Murphy's Law: Non-Violent Attacks In Iraq

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March 31,2008: A standard U.S. benchmark of activity in Iraq is the number of daily attacks. This peaked at a little over 200 a day in the Summer of 2007. A third of those involved IEDs (roadside bombs). About half of those were bombs that went off, the other half were bombs discovered and destroyed. This activity has since declined to about 70 attacks a day in February. But about 60 percent of those were just IEDs, and two thirds of the IED activity consisted of finding and destroying the roadside bombs before they could be used on anyone. About a third of the attacks were what are normally thought of "attacks." That is, someone firing guns, RPGs or mortar shells at American or Iraqi troops.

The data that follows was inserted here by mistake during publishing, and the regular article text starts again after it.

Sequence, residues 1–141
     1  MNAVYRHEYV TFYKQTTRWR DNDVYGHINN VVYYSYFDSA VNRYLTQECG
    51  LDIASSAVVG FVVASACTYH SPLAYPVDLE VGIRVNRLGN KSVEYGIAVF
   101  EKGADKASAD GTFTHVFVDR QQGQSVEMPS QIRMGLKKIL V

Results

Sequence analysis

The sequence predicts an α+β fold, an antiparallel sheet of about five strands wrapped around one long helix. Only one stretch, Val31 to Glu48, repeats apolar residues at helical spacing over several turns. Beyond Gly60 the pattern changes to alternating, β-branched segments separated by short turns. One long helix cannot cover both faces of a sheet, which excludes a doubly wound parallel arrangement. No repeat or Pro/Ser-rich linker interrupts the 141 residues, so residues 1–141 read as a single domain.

The attacks most likely to made the news are the large suicide bombs, usually directed at civilians. These peaked in March, 2007, when there were 130 of them. This has since declined to about 40 a month. Moreover, many more of them are now smaller, usually individuals wearing bomb vests. For a long time, these were a minority of the attacks, usually 5-15 a month. But in the last few months, they are now about half the attacks.

 


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